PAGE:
CEOs of major US corporations joined the debate over the federal budget mess on October 25, calling on Washington to put its fiscal house in order. However, they only endorsed a set of principles but did not specific policy proposals. They also tiptoed around the question of how to take the steps they have recommended without damaging the fragile economy. Nonetheless, the effort needs to be lauded for they are trying to get the attention of the powers-that-be in Washington to sort out the fiscal mess.
One thing clear even to us Indians watching the US debt problem is that the world’s largest economy is on an unsustainable fiscal path. Spending is rising and revenues are falling short, requiring the US government to borrow huge sums each year to make up for the difference. It faces staggering deficits. In 2011, total federal spending was $6.1 trillion, or more than 40% of gross domestic product (GDP) of $15 trillion. Only during World War II was the US federal spending a larger part of the economy. Total direct revenues stood at 32% of GDP in 2011, the lowest level since 1950. The difference of total spending and total direct revenues—federal deficit—was a staggering $1.3 trillion. As of last year, the gross public debt was an overwhelming $17.6 trillion.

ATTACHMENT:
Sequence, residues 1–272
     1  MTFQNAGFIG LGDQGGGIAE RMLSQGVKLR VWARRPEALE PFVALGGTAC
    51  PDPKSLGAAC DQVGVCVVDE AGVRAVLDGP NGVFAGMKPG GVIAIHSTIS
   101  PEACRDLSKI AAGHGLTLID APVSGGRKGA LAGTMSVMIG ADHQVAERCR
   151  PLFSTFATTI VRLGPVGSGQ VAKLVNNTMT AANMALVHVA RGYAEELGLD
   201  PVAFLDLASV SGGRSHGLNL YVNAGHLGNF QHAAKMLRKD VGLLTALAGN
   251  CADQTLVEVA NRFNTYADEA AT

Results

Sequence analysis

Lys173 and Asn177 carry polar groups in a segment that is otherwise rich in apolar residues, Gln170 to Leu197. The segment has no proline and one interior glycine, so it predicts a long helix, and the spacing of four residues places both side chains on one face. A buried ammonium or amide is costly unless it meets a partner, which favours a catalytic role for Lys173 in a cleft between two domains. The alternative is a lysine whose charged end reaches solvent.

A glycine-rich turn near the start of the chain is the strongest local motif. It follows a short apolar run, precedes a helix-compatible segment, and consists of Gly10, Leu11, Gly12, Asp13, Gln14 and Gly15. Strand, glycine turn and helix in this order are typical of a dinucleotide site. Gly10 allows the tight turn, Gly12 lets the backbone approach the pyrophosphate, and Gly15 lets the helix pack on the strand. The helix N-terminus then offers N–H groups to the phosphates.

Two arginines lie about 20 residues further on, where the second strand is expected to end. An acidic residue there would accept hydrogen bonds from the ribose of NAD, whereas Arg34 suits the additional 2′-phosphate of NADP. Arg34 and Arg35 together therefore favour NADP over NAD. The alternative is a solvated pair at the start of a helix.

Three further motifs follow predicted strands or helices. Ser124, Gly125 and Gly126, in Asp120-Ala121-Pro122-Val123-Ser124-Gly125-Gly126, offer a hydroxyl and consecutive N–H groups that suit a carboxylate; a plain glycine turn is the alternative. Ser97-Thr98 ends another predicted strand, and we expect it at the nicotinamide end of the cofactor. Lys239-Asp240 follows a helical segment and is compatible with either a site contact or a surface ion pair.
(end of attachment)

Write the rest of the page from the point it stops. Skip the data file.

Federal debt this high is unsustainable. It is bound to drive up interest rates sooner than later for all borrowers in the US—businesses and individuals—and curtail economic growth by crowding out private investment. That’s one of the reasons why CEOs of major corporations have now joined the debate. By making it more expensive for entrepreneurs and businesses to raise capital, innovate, and create jobs, rising government debt could reduce per-capita GDP. If debt grows higher, the federal government may even have difficulty borrowing funds at an affordable interest rate in the future.
Large debt will put America at risk by exposing it to countries such as China and middle-eastern countries, who are its biggest external creditors. External creditors currently own more than half the US public debt. In a worst-case scenario, investors could lose confidence in federal